The ‘new kid’ fish-out-of-water scenario here is compounded by Pippa having changed countries, too, allowing Murrell to showcase some ideas around cultural difference and cross-cultural understanding; another valuable set of discussion points for young readers.
I was thrilled to have the opportunity to ask the author a little more about what inspired her to create Pippa’s world.
An interview with author Belinda Murrell
Q: Books about the ‘new kid in school’ are popular in children’s fiction. What is it about this scenario that makes it so useful in stories for young readers?
From the point-of-view of creating a story, it is fascinating to take a character, then turn their everyday world upside down, and see how that particular character copes. Dealing with change is difficult for anyone, and starting at a new school is one of the biggest challenges that a child could face. I remember when I was young, my family moved and changing schools had a profound impact on me at that time – leaving my old friends behind, trying to make new ones, and working out the different school culture. For Pippa, her arrival at Kira Cove shakes things up in a small school, shifting the power balance and friendship allegiances. While Pippa initially hates the move and just wants to go back to her old life, she soon comes to realise that her new life while very different, also brings her great joy.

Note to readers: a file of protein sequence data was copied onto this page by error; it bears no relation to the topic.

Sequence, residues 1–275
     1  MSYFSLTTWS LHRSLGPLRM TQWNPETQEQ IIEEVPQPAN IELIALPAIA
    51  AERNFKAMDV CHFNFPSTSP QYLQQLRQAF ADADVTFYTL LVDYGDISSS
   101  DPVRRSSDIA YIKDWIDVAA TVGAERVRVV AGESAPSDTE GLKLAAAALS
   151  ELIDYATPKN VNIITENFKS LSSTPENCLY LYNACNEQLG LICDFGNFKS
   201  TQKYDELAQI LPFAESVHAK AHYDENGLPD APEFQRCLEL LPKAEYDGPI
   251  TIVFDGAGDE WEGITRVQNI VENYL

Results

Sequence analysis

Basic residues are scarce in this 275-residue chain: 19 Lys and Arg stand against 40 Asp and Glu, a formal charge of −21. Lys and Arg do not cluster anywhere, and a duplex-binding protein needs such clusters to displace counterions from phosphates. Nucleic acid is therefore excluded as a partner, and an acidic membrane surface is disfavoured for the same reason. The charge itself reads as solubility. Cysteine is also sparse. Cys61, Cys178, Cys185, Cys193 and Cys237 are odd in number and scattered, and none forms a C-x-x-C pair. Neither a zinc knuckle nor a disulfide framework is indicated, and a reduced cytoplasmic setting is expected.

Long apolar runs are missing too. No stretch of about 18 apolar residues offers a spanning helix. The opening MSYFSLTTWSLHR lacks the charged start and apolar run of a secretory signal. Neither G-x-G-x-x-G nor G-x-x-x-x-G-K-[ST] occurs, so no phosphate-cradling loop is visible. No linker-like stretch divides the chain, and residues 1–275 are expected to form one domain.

Q: Young people, perhaps especially girls, struggle with peer relationships in their tweens and teens. Did you set out to positively influence young readers when it comes to friendship issues?
Yes, definitely. My daughter Emily is now nineteen, and has a group of beautiful friends, some of whom she has known since the beginning of primary school. Most of these girls are strong, clever, determined, kind and joyful. Yet over the years I have also seen so many tween and teenage girls struggling with friendship issues, jealousy, bullying, and anxiety. I have had lovely letters from parents telling me that my older books, in my time-slip series, have been really valuable in helping their daughters to cope with various problems in their lives. Books can give a real insight into the emotions and problems of other people, which can help readers to look at their own lives in a different way. I wanted to encourage girls to realise that while problems always happen in life, with courage, resilience, optimism and lots of love from friends and family, there is usually a way to overcome them.
Q: The ‘club’ is another device we see often in kids’ books. Why do you think kids find ‘secret clubs’ so appealing?